An important aspect of people skills is emotional intelligence. This quality helps in understanding how people perceive you and adjusting your approaches and presentation accordingly.
While courses about developing people skills are easy to take, the changes actually needed involve truly developing as a person. In order for a course to bring about real and useful change, the student must invest serious attention and personal effort.
As an example, one of the tenets covered in the examination is the idea that the project manager must be “large and in charge”. He or she must be decisive and able to make tough, timely decisions in often-stressful situations. Most successful exam takers are aware of this necessity and answer the exam questions appropriately. But suppose that the exam taker is naturally quite passive in everyday conduct. If this person follows his or her natural tendencies in real-life project management, the “large and in charge” quality may be lacking. The result can be a project out of control in scope, budget, schedule, or quality.
Another example of a soft skill that can be covered in a course more easily than it can be put into everyday practice is time and task management.
Further soft skills a good project manager should master include:
- Action orientation (not procrastination) when making decisions and implementing them
- Good organization
- Knowledge or fast learning of software tools of choice
Which Skills are Most Essential When Starting Out?
This is a common question. Is it preferable from an employer’s standpoint to start with a person with good people skills, certify him or her and then provide experience? Or should one begin with an otherwise qualified project manager and attempt to develop the people skills?
The answer depends on whom you ask. It seems fairly obvious to the author that if the people skills are present, the technical project management knowledge can always be learned. The opposite is not always true.
One thing is true for most individuals. Enough practice in soft skills will indeed enhance a manager’s people relations, even if not overnight.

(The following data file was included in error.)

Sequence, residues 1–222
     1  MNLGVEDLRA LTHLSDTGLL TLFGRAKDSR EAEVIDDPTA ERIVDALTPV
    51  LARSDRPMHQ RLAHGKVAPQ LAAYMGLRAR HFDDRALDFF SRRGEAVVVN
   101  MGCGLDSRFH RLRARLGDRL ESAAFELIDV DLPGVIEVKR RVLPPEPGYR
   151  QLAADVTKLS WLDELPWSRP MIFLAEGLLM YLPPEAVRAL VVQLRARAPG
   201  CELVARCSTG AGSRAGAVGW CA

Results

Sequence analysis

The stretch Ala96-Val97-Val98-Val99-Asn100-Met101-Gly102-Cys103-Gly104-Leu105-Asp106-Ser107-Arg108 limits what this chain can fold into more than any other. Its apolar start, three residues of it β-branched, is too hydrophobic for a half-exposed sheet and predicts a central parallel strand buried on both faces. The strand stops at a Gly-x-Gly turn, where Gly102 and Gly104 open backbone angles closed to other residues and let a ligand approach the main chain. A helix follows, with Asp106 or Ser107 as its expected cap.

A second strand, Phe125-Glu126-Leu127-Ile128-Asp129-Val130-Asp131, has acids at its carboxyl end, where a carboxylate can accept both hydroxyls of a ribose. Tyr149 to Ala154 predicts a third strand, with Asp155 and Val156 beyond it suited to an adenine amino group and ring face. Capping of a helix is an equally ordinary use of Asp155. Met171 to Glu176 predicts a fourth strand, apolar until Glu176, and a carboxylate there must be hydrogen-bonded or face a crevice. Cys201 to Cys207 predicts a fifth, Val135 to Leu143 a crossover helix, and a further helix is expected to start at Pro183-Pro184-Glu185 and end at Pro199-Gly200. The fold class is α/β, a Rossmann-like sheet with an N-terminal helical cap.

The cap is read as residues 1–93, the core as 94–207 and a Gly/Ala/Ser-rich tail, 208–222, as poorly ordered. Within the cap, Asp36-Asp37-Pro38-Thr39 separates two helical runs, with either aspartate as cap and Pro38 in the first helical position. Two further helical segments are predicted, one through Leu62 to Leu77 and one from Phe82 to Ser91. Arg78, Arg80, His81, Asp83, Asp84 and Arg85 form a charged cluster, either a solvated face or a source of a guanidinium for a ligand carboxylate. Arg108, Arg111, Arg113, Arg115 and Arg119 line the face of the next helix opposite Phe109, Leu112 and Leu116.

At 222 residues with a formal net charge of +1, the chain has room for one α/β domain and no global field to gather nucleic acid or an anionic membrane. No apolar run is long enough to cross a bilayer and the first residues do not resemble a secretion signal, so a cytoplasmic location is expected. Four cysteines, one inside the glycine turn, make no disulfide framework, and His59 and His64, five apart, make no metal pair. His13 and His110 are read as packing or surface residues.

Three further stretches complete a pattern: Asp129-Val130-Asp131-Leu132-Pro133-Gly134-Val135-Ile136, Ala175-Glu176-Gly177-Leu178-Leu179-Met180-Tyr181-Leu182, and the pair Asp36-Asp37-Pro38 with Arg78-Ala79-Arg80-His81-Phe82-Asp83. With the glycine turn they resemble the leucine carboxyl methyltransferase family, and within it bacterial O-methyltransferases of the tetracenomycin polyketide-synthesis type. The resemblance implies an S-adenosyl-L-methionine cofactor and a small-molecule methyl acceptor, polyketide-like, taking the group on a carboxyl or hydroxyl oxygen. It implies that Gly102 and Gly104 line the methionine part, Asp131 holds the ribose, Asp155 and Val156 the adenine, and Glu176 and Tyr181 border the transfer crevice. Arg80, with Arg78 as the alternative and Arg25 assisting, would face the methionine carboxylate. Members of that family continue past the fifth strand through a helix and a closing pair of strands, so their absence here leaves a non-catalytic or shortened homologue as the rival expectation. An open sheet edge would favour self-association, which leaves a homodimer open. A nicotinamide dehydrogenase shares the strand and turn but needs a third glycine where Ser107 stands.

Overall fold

However, in spite of the recent recognition of the primacy of emotional intelligence, some surveys are indicating a new emphasis on hard skills in recruits. Go figure.
So the Recipe for Being a Successful Project Manager Is?
- Gain a credential. We’ve discussed elsewhere on this site that in much of the world, this means becoming a PMP. For the most part, this step will take care of your “hard skills.” Getting the credential means that you are indeed an experienced project manager, even if you are still a work in progress.
- Understand yourself objectively – your strengths and weaknesses. You can do this by taking evaluations such as the Meyers-Briggs personality type test and also by soliciting feedback from several people who have worked with you. Emotional intelligence – clearly understanding yourself and others in life situations and adapting your behavior as needed – will be your friend here.
- Take courses and read extensively in the areas of your weaknesses.
- Gain experience, experience, and more experience. In addition, be sure it’s the right experience. As they say, only perfect practice makes perfect. In the spirit of total quality improvement and kaizen, continually strive for better performance.
Finally, if your personality type doesn’t really lend itself to strong leadership, the knowledge you gain from attaining the PMP credential will still serve you well in various roles essential to project management, such as scheduling, design and maintenance of project metrics, and the like. Alternatively, depending on your personality type, the Certified Associate in Project Management® (CAPM) credential may be more appropriate for your needs.
As you can see, obtaining the PMP credential guarantees neither you nor your employer that you are ready for prime time in managing critical projects. What can you do to improve your odds of success? The most important point is to identify any gaps in capability, and address them through reading, coursework, or anything else you can think of. That way, your credential has the best chance to be just the ticket that sends you to the top of the profession.